Goodbye, Crossfit Intersect; Hello, Fourth Street Annex

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The Fourth Street Annex. Photos Courtesy of Joey Altobelli. 

When I moved to Long Beach and grew accustomed to venturing downtown, I was struck by the modern aesthetics of Crossfit Intersect.

There it sat on Third Street, next to Rainbow Juices, just past the Promenade, clad in a shiny light wood facade. It represented Long Beach’s hipster renewal; a young, fit population on the cusp of thriving.

After viewing a few Crossfit competitions in New York City and seeing other “boxes” in my native Washington state, I was surprised by the urban vibes and stylish, athletic lifestyle Intersect appeared to represent. Although I’ve never been a Crossfitter myself, I thought it seemed promising to have one in downtown Long Beach.

I passed the building a few weeks ago and there it sat, vacant. A quick Google search told me that it was closed—according to Yelp and Intersect’s home page.

“To put it simply and bluntly, the Downtown Intersect Athletic’s expenses consistently exceeded revenue,” said former Intersect Owner Joey Altobelli in a blog post on the older Intersect website. “It was too much to maintain, and despite my best efforts and belief in the dream, we rapidly fell behind. To be clear: we have completely run out of options, having already exhausted every resource to keep Downtown open for the last 19 months.”

Intersect wasn’t able to maintain the same growth it saw when it was founded in Signal Hill in 2011, Altobelli told the Post in an interview last week. After moving downtown in 2014, the organization didn’t retain its hard-core Crossfit population in the way it once did. Couple that with Altobelli’s separation from another business venture in the facility—selling supplements—and paying the bills became even more unfeasible.

But all was not lost for the founder of one of Long Beach’s original Crossfit locations.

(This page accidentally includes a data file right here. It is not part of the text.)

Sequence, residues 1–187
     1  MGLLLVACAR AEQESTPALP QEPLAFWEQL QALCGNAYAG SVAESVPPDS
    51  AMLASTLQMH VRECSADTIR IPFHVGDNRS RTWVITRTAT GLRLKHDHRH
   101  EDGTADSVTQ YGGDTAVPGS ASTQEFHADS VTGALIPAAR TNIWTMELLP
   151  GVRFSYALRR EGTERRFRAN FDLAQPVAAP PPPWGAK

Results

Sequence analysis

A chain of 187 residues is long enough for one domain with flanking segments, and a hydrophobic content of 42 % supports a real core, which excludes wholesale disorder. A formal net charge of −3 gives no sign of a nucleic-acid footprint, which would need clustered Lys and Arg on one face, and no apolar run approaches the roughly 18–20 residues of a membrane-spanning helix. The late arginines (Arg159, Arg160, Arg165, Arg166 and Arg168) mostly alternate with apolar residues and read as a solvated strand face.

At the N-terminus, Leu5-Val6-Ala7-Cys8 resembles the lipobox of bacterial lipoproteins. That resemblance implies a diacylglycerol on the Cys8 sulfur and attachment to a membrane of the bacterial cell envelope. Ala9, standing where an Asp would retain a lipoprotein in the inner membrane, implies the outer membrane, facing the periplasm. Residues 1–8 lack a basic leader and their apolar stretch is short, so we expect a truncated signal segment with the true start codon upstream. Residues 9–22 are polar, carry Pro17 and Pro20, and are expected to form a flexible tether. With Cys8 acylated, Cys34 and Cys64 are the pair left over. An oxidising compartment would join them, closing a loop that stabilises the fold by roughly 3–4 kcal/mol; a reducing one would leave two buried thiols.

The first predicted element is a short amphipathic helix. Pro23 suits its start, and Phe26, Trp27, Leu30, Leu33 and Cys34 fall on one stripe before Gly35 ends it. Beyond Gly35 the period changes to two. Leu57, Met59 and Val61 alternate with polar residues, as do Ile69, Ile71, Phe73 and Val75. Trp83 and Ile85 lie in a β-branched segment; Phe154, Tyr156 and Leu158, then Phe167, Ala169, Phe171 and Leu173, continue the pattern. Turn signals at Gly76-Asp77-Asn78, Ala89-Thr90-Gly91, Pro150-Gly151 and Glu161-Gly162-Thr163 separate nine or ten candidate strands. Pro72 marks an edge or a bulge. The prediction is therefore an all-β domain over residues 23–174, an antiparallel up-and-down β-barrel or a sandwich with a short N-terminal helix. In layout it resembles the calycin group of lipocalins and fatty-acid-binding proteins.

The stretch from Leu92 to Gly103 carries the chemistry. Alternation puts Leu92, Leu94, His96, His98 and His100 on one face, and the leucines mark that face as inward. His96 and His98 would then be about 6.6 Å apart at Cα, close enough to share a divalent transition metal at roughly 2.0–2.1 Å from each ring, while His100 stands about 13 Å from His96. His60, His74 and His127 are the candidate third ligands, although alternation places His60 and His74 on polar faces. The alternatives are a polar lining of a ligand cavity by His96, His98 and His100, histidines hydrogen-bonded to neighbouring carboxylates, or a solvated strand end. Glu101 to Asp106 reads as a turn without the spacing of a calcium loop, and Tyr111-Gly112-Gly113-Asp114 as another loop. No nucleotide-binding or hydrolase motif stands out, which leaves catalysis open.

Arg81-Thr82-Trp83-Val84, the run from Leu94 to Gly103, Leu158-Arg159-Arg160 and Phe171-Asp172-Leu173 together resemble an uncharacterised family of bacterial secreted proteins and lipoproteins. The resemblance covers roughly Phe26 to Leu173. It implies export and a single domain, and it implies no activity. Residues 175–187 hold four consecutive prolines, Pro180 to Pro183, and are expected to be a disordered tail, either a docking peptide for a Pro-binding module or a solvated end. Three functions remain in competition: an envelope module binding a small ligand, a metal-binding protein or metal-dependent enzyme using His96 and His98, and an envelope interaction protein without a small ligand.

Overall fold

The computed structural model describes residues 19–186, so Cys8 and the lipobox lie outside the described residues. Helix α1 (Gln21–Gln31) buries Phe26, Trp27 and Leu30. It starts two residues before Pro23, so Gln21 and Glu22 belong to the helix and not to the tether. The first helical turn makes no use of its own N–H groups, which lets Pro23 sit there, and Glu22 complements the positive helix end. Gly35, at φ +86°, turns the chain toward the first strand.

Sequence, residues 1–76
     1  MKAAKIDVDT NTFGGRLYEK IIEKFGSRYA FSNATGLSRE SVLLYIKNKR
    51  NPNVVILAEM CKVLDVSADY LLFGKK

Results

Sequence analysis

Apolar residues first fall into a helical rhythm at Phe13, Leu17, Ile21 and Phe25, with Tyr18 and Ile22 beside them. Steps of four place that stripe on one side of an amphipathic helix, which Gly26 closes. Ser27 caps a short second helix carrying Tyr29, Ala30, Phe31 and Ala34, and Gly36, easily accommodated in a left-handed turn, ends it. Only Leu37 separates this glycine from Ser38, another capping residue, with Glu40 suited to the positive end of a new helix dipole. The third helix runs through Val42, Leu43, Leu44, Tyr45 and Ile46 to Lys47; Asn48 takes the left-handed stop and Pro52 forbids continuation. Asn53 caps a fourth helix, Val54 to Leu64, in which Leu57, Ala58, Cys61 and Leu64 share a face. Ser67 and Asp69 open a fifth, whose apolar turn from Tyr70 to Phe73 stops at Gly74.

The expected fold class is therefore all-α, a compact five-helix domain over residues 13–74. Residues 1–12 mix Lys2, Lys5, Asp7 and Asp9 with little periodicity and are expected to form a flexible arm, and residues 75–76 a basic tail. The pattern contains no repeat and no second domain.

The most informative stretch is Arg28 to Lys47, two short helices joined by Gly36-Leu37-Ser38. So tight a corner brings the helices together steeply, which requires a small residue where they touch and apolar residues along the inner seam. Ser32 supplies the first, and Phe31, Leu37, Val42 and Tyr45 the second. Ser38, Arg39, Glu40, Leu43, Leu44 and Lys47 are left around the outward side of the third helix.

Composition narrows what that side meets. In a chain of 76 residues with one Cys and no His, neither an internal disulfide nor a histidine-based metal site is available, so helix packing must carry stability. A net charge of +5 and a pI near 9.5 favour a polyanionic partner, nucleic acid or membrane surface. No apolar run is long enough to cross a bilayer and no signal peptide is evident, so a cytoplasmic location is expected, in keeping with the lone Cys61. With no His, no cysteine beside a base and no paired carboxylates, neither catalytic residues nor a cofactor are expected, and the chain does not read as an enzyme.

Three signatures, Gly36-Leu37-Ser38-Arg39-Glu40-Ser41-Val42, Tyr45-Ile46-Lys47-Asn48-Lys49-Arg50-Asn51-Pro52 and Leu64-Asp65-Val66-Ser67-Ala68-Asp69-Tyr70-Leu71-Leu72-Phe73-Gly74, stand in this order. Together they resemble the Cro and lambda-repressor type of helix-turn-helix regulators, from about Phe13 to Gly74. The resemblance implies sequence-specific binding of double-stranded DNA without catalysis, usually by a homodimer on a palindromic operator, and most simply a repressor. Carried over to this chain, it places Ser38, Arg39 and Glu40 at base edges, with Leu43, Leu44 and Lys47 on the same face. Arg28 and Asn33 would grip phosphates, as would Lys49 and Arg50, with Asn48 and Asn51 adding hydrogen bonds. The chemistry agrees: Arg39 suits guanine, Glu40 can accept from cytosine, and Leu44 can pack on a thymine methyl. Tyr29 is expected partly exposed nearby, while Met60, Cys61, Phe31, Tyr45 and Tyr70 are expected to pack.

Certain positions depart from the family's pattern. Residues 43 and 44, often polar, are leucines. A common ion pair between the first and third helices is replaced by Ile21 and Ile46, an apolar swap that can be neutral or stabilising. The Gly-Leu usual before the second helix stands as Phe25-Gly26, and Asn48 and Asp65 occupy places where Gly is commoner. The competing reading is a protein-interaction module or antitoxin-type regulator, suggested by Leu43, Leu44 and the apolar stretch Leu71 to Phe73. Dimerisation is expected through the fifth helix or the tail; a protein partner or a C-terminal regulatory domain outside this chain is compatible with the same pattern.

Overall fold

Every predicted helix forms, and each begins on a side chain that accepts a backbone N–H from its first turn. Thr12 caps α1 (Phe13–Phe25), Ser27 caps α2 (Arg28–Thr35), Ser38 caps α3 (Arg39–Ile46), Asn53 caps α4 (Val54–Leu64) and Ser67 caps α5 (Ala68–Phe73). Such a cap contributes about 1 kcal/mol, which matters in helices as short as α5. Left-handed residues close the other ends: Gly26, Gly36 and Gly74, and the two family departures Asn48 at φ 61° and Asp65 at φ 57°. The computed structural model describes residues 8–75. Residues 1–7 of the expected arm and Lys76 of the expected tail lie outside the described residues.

Enter Altobelli’s impeccably-timed opening of a new, separate gym on Fourth Street: The Fourth Street Annex. The dream of a contemporary fitness boutique using the core tenets of Crossfit’s mantra—form, fitness, and intensity—is still alive in Long Beach.

What’s most notable, however, is that the gym, which is not a Crossfit affiliate, actually has the bulk of its classes geared toward people who may not be into the Crossfit competitor’s mentality, and more into simply moving well and getting in shape.

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“The Annex started before Intersect closed,” said Altobelli, who said he thinks the Crossfit trend is on its way out, in terms of growth. “The idea was that it was a second business for people who didn’t necessarily want to do Crossfit. It was to have more of a focus on fitness, moving well and mobility. It’s for people who aren’t as into the competitive mindset.”

With a mix of classes that emphasize metabolic conditioning (what Crossfit is known for), strength and flexibility, the Fourth Street Annex is the newest minimalist gym in Long Beach to also pack a punch with its workouts.

“Crossfit as a whole has kind of reached its peak,” said Altobelli. “It’s no longer the sought-out, elite program it used to be. It became a catch-all for these gyms that just want to open without any real accreditation.”

Altobelli said hundreds of Crossfit-affiliate “boxes” have popped up in the last few years because the Crossfit model made it easy for fitness trainers to become entrepreneurs. They could literally get accredited through a weekend-long class, spend $3,000 for Crossfit accreditation, and open up their own Crossfit affiliate.